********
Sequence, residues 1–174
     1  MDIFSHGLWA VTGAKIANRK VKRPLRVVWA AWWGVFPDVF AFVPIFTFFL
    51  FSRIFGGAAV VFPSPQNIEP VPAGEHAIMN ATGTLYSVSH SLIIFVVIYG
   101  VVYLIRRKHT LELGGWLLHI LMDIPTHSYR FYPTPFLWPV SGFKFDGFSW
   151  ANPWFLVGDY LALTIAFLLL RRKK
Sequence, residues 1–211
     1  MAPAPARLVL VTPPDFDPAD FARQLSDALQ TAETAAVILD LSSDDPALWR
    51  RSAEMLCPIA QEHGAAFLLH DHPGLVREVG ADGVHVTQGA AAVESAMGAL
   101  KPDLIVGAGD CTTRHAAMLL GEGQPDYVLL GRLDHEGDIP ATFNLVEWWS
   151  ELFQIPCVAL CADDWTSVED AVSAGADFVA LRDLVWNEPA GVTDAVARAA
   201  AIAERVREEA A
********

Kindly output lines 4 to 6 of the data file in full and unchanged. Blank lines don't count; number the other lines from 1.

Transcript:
   101  VVYLIRRKHT LELGGWLLHI LMDIPTHSYR FYPTPFLWPV SGFKFDGFSW
   151  ANPWFLVGDY LALTIAFLLL RRKK
Sequence, residues 1–211